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Clydesdales/Athenas (200+ lb / 91+ kg) Looking to lose that spare tire? Ideal weight 200+? Frustrated being a large cyclist in a sport geared for the ultra-light? Learn about the bikes and parts that can take the abuse of a heavier cyclist, how to keep your body going while losing the weight, and get support from others who've been successful.

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Old 08-29-09, 03:12 PM   #1
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LHT Shifters


With luck, I'm going to get a new ride this month before a couple of fall riding events. I've been looking at the Surly Long Haul Trucker (amongst others) and am at the point where I need to go test ride.

But the Surly dealer is an hour away, and curiosity is getting the better of me. The shifters on the '09 LHT are at the end of the bottom bar. How do they work? Is it just cable tension like my old Sears 12 speed? (Nudge a little to change gears, but the amount is based on "feel"). Do they click? Their placement seems like it might be a pain to use. Any comments welcome.
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Old 08-29-09, 03:32 PM   #2
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They are a joy to use. Although I was apprehensive at first like you, I find shifting with bar ends really natural. The left shifter (for your chain rings) will be friction and you do it mostly be feel. This works extremely well because you have near infinite control over your trimming and can make micro adjustments. The right shifter can be set to either index (clicking) or friction shifting. I usually just leave it in indexed mode unless I'm having some kind of cable adjustment issue. You move it between indexed and friction by turning the little D-ring on the left side of it.

Hope this helps.
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Old 08-29-09, 04:02 PM   #3
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Have them on my tandem. Actually pretty nice. I can shift without removing my hands from the drops if I desire. I push down on the palm and it shifts. A flick up of the pinky and it shift in the opposite direction.

I wouldn't want them on a single "race bike" though. Seems the lever would hit my thigh if I were to stand in a sprint.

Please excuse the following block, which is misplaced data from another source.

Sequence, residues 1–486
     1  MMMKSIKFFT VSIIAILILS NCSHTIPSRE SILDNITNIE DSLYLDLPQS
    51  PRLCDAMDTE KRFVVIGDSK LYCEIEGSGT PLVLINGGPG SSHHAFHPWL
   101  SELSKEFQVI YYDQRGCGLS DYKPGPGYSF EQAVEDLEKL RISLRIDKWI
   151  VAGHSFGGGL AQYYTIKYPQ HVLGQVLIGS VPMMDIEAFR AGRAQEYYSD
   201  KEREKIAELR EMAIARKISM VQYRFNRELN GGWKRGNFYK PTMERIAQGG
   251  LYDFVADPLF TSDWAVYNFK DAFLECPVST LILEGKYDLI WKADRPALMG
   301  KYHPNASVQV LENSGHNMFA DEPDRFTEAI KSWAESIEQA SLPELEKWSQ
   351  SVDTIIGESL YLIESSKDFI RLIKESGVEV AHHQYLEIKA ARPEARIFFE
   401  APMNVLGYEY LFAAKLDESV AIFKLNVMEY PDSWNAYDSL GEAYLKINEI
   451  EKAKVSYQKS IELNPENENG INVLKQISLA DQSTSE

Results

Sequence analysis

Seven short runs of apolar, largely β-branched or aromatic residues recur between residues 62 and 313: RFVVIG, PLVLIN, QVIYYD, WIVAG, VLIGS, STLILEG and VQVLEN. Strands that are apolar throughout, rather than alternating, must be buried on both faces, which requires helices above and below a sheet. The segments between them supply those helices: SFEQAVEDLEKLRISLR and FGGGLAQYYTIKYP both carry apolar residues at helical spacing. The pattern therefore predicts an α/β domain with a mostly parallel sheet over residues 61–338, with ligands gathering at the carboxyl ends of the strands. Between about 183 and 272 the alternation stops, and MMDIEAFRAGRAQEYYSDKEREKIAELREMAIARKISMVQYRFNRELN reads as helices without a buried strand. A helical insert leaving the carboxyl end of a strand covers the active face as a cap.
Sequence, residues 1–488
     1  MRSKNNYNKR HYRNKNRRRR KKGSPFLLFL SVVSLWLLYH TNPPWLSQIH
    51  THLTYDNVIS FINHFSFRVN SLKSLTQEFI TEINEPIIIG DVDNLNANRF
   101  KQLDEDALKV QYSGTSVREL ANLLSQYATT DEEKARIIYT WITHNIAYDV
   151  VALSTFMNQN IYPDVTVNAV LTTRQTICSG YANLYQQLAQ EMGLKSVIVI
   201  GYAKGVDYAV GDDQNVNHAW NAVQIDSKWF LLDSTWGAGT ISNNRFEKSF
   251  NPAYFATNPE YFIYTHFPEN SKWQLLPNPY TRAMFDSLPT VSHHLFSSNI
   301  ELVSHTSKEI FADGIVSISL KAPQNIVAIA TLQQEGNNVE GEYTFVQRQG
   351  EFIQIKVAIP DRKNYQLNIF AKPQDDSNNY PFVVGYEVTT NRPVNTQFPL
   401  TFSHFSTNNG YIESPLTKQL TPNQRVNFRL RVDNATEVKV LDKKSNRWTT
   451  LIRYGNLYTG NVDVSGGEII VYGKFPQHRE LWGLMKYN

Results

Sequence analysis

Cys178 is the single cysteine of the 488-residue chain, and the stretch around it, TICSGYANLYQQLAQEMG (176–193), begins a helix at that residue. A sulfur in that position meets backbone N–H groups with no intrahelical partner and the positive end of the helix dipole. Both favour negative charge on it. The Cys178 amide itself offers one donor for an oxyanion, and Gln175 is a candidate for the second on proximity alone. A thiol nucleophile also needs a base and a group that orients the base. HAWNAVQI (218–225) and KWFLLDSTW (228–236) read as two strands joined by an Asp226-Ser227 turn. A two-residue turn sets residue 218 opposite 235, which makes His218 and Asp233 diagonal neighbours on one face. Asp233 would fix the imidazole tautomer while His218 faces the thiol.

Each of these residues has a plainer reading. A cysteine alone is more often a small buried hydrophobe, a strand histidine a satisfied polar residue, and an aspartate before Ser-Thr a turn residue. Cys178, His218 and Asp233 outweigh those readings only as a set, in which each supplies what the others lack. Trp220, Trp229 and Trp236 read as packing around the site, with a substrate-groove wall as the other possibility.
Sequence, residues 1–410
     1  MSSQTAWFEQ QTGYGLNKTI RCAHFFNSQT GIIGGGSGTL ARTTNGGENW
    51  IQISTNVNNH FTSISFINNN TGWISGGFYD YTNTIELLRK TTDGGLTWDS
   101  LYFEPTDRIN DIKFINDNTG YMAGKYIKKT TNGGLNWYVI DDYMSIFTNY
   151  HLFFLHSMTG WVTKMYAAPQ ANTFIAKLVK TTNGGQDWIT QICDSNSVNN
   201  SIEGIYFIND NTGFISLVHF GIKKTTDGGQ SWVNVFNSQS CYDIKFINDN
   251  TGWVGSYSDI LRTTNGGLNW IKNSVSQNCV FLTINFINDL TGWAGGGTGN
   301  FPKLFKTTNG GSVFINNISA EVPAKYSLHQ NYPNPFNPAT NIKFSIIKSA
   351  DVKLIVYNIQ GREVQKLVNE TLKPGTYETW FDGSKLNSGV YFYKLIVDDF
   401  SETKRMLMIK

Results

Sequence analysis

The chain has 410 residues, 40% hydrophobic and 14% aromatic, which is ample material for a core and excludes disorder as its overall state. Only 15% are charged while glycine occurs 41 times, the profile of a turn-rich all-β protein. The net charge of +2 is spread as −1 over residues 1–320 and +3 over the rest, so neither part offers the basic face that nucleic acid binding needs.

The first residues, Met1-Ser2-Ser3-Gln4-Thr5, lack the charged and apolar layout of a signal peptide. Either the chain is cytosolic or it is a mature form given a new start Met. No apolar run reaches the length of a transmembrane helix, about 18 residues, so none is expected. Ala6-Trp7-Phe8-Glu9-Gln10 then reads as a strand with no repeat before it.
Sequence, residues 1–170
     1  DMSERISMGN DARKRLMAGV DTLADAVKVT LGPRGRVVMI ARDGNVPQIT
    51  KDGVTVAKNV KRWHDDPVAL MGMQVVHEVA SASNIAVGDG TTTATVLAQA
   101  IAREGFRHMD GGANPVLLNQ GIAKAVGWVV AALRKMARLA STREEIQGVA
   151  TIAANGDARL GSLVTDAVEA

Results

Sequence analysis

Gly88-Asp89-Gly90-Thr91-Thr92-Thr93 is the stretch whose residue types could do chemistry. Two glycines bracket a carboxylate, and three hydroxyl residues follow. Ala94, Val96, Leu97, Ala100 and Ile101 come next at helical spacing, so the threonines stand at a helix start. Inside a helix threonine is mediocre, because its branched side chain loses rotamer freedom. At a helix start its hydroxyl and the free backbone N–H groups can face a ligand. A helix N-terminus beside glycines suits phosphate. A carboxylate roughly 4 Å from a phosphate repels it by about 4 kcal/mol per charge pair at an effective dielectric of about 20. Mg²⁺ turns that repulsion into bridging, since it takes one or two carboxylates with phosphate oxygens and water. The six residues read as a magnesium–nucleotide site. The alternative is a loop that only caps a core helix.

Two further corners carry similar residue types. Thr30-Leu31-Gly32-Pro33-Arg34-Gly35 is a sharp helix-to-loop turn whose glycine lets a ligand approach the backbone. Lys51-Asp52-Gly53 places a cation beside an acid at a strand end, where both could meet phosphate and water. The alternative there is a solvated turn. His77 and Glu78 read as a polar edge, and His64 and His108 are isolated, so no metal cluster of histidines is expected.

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Old 08-29-09, 10:22 PM   #4
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The shifters are called "Bar Cons" don't ask me why, I dunno. I used them on my cannondale from 88-90 and on my klein in 90-91. They work wonderfully and are reliable as all get out. That being said, I'd never shift back from the current STI Brifter to a bar con.

Researching the surley before this post i see that they're sold as a frame as well as a complete bike. if you go with a frame you can do your own build any way you want (or can afford).
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Old 08-29-09, 10:26 PM   #5
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I think bar end shifters are pretty common on touring bikes like the LHT. I prefer the integrated brakes and shifters (brifters) and therefore I bought a touring bike that came with this type of shifting. I bought the Rocky Mountain Sherpa 30. I know that the Jamis Aurora also comes with this option. I like this option because it is what I am familiar with through my experience with road bikes.
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Old 08-30-09, 08:12 PM   #6
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When I recently bought my LHT complete I also planned to switch out the barcons for brifters (which is what I'm used to), but after using the default LHT barcons for 400mi so far, I've really come to like them and have decided to keep them after all. They're really smooth and not any more difficult to use than brifters once I adjusted to the bar end location, I see no point now in spending more money on more complicated shifters, I can always do so at some point in the future if some compelling reason comes up (the LHT owners google group has lots of info on that swap if you need), but so far these are great and I plan to keep them...
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Old 08-30-09, 09:04 PM   #7
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touring bikes like the LHT are equipped with bar end shifters because of their reliability and ease of service. most bar end shifters will operate in both indexed mode and friction mode, so incase of a mechanical failure they will still be able to move the derailleurs. I am a fan of brifters as well, but since my style of cycling doesn't really require the ability to rapidly shift gears without removing my hands from the bars I run bar end shifters because they are cheaper and easier to service.

It really depends on what type of riding you are doing as to what type of shifter you need,but if you are buying a LHT you probably won't need the ablility to rapid shift with hands on the brakes.
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